John Wick: Chapter Two (2017) – Review

Since this is now Chapter Two, I’ll refer to the original as Chapter One

John Wick is a mustang of people. As a film and character, Wick returns as a blunt powerhouse of methodical style. Mustang and Wick alike, Keanu’s vehicle has serious longevity, it’s the ultimate display of endurance and gratification. John Wick: Chapter 2 is a bombastic machine of destruction – needless to say, I loved it.

I’d define Wick’s fighting style as ‘dirty pragmatism’. During fights, his environmental awareness incomparable. Chapter One wasn’t as varied in location type, he constantly fought indoors, which is understandable – the cost to perform stunts outdoors is much more expensive – but Chapter 2 does not have these limitations. However, a lack of limitation has cost them their innovation. An amazing moment in Chapter One came from blasting music over the top of gunshots to muffle the silencer even further amidst a crowd of trance induced dancers. Chapter Two takes the gusto approach – he shoots a bodyguard live on stage and the crowd cheers as they think it’s part of the show. We don’t get that innovative slickness this time around.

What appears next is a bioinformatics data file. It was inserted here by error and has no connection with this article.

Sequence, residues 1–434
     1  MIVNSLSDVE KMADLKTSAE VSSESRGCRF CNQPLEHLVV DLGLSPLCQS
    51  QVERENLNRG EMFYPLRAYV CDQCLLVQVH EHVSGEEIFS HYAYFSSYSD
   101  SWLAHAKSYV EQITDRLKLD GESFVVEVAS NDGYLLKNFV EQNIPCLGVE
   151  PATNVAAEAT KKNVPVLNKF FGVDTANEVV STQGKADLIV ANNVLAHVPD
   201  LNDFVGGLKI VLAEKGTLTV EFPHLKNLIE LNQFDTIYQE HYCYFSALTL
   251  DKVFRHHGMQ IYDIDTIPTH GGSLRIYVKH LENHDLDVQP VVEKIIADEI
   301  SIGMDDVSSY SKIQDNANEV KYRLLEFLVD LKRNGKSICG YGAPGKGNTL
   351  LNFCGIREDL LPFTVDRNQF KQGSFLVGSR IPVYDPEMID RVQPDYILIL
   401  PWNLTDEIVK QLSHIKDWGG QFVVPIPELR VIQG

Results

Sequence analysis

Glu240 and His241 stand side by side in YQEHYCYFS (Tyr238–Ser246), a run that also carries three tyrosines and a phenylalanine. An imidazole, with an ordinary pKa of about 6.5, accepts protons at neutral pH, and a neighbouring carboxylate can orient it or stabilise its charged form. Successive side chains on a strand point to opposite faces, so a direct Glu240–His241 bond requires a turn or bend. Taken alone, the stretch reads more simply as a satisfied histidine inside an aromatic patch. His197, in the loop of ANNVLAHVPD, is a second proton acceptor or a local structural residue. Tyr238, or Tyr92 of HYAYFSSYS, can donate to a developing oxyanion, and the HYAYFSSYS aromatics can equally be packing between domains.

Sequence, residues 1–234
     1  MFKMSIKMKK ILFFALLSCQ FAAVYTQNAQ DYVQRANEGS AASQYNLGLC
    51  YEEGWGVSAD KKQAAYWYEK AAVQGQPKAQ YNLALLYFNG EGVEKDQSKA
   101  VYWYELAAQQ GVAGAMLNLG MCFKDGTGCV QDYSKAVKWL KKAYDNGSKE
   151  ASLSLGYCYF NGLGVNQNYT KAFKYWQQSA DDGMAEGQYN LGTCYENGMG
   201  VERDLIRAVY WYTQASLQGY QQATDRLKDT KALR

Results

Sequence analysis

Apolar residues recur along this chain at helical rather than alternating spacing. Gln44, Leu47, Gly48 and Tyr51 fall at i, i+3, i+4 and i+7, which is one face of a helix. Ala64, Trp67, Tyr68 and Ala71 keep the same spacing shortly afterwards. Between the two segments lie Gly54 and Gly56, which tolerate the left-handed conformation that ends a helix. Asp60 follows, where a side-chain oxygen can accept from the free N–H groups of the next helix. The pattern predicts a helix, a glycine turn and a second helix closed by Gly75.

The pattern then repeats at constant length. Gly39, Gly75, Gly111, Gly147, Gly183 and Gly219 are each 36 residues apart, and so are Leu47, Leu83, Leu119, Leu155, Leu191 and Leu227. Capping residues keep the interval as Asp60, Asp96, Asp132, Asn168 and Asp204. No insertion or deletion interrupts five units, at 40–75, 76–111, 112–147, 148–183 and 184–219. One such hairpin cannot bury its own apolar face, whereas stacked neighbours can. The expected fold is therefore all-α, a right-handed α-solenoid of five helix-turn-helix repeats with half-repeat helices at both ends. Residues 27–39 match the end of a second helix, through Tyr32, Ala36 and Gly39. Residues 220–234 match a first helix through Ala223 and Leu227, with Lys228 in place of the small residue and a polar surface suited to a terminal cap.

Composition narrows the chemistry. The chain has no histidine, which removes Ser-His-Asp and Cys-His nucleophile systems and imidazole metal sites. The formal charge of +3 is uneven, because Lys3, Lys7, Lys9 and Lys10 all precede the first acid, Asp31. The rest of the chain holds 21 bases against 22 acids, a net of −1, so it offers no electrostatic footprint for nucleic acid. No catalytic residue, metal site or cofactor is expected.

As Wick’s world grows grander, its destructibility increases accordingly. Now more than ever, Wick must remain sharply witted. We revel in John’s destructive rampage through the world of his history. But first, we must pay the price of some dry, lengthy exposition. Once the exposition finishes, you’ll be intoxicated, but, as the third, likely, installment will expand upon the second, this is probably an amalgamation of exposition designed to simultaneously set up Chapter Two and Three – while a reprieve from the exposition (or it being more cost effective) would’ve felt more forgiving, in retrospect, I realise that my detachment was momentary as I now appreciate how the exposition serves to transition from the previous into itself and to the consequent film (Chapter Three). After all is said and done, the film does an excellent job of delivering most of the exposition through action and interaction.